Since then, Kim has provided free research and counsel on fundraising strategies to nonprofit groups in Fairfax County and Alexandria that help the homeless. This year, he’s heading a 10-person Compass team aiding the National Trust for Historic Preservation.
“All of my past [volunteering] experience had been stocking food kitchens and things like that. I wanted to do something a little more substantial,” said Kim, who lives in Herndon.
“Shifting gears to do fundraising for nonprofits was a really good fit for me,” he said. “It’s what I do all day. I’m always thinking about how to convey the benefits of our brand.”
The holidays are a time when we think of what we give back to our communities. For many, this means sending checks to do-good organizations before the tax year ends.
Kim’s experience shows there are other ways to contribute.
“Skilled volunteering is on the rise. People get to a point, especially in business, where they’re pretty good at their job and want to do more,” said Suzanne Laporte, executive director of Compass. “They want to take the skills they have from their careers, their education, and put them to work in a different way.”
Two Harvard Business School graduates founded Compass in 2001. It now has 242 volunteers working on 30 projects in our region and recently opened an office in Philadelphia.
Other groups do similar work. The Taproot Foundation’s Washington office opened in 2008 to channel pro bono labor from people with at least three years’ experience in design, technology or other business fields. Since then, according to its Web site, 581 volunteer consultants have donated $9.4 million worth of services to 135 nonprofit groups.
The time commitment is considerable. A typical Compass project lasts nine months and requires an average of two to four hours a week.
Volunteers say it doesn’t feel onerous because the mission is rewarding.
“The more you care about the cause, the less time-consuming it feels,” said Amanda Robison, 24. A corporate strategist, she’s on Kim’s team studying how the trust can make its local historic sites more self-sustaining.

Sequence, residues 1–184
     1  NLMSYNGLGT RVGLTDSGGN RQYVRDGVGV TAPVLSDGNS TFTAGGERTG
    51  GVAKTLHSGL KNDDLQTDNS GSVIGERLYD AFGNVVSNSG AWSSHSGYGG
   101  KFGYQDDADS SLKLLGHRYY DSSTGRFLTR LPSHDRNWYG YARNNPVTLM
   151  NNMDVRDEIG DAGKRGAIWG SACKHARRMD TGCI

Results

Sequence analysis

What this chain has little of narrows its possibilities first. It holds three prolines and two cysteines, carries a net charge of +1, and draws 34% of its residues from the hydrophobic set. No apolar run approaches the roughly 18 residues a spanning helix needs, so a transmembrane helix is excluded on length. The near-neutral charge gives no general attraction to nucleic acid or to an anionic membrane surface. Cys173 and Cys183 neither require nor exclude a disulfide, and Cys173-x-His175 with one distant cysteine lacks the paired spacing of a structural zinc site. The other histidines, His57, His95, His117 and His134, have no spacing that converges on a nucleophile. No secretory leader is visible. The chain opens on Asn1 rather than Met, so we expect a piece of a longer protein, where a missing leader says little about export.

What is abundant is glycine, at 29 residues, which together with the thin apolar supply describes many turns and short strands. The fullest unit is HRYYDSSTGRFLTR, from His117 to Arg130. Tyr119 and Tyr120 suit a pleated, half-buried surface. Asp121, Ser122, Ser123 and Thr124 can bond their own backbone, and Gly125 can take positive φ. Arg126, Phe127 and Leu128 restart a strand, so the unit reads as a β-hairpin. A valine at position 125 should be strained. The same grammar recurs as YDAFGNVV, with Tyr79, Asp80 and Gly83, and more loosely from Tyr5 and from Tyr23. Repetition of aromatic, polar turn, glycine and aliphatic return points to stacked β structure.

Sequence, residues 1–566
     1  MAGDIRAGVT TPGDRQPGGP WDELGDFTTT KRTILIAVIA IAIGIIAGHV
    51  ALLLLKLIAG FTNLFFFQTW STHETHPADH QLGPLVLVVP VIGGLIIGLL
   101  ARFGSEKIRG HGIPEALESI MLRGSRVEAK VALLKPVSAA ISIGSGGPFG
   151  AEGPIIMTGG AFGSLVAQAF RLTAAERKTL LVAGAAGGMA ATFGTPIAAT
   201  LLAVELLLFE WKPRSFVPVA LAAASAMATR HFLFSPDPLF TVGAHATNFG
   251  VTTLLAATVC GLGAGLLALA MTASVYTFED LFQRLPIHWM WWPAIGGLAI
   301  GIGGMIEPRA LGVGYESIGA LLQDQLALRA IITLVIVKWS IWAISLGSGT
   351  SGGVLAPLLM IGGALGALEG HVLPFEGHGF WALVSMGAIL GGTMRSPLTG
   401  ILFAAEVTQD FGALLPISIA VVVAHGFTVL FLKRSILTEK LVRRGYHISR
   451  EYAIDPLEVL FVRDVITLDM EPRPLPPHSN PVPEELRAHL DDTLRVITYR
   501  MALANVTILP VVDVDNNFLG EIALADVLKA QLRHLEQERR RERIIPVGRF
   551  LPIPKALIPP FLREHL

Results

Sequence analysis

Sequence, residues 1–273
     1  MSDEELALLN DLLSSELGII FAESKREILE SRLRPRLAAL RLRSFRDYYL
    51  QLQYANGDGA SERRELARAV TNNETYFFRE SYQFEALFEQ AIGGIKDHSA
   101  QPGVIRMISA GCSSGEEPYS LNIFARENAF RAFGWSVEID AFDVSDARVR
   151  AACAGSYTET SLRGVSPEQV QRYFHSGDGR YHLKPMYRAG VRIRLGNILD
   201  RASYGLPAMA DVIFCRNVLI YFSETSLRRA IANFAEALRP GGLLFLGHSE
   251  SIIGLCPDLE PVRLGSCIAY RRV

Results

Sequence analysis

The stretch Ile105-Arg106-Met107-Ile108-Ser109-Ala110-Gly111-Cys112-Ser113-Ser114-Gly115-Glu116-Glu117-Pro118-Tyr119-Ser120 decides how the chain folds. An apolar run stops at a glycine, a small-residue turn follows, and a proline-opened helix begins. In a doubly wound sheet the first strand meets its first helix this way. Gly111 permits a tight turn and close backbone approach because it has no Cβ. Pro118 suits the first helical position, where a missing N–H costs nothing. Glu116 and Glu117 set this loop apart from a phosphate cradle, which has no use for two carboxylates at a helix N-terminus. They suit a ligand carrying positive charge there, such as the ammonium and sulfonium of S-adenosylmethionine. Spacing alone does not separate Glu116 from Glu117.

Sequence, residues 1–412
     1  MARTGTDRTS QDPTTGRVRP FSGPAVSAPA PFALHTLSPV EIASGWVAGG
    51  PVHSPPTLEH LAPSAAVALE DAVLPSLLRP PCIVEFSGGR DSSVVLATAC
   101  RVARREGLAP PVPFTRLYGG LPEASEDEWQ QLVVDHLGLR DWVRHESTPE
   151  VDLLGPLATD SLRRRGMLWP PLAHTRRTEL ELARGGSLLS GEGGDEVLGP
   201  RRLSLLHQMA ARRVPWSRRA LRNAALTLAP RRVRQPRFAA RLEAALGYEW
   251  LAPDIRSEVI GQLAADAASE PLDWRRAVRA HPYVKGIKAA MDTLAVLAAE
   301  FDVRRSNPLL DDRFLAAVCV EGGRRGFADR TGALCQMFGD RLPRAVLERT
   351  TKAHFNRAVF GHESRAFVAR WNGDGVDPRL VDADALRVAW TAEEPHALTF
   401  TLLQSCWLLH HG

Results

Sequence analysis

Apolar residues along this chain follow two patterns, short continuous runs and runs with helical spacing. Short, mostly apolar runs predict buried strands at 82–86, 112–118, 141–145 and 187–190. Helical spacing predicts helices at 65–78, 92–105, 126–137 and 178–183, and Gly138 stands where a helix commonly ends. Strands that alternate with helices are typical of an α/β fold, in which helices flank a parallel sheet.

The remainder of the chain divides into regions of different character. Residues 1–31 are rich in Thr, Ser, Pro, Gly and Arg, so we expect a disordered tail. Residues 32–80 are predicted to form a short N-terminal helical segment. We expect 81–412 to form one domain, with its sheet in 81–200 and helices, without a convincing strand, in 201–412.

The groups on the receiving end appreciate the help. Their staffs do fine running a food bank, health clinic or ballet troupe. But they lack prowess in crunching financial numbers, building a Web site or drafting a marketing strategy.
For instance, Kim’s first project was helping Facets, a Fairfax program that serves the homeless, to bolster its fundraising to handle a surge in families seeking assistance.
The Compass team advised Facets to rely less on one-time, money-raising events, such as banquets and golf tournaments. Instead, it urged Facets to cultivate lasting relationships with donors by showing them the good accomplished with their contributions.
“What Compass really did is help to focus us . . . in a way that was very data-driven and based also on private conversations with funders,” Amanda Andere, executive director of Facets, said.
As a result, she said, the group now retains about two-thirds of its donors each year. Previously, it kept only half.
“We have seen an increase and retention in our donors that is important,” Andere said.
Susan Thaxton, 41, of Annapolis, who is on her sixth Compass project, said nonprofit groups value an outsider’s perspective.
“You’re able to come in, listen to people and look at the data, and just give an objective idea of what’s going on and what can be done,” Thaxton said.
A former Navy officer and production manager for General Motors, she has worked with Boys & Girls Clubs of Greater Washington, the Annapolis Symphony Orchestra and Washington Ballet, among others.
“For me to see years later that things have turned out well and we have made a difference, that’s what keeps me going,” she said.
In this season of giving, we should be grateful to those who contribute brainpower as well as time and money for society’s benefit.
I’m taking a break. My column resumes Jan. 2 with the 2014 Predictions Quiz. For previous columns, go to washingtonpost.com/mccartney.